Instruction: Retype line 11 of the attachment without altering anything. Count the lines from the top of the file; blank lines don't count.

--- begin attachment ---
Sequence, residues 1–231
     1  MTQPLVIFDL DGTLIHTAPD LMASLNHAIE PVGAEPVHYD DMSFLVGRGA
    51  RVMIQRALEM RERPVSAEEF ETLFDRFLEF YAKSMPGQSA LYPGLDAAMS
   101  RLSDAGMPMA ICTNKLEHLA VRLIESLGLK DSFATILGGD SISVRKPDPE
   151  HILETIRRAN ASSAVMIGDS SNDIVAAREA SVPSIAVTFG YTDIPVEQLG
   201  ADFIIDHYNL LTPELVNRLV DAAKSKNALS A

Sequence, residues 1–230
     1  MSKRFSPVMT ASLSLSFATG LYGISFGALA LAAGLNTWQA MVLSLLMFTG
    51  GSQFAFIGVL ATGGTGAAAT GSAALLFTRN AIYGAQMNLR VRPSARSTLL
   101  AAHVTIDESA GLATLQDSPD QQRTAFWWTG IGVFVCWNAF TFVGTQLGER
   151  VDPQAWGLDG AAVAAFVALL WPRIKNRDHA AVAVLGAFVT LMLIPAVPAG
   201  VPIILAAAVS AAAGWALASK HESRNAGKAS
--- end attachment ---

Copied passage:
   151  VDPQAWGLDG AAVAAFVALL WPRIKNRDHA AVAVLGAFVT LMLIPAVPAG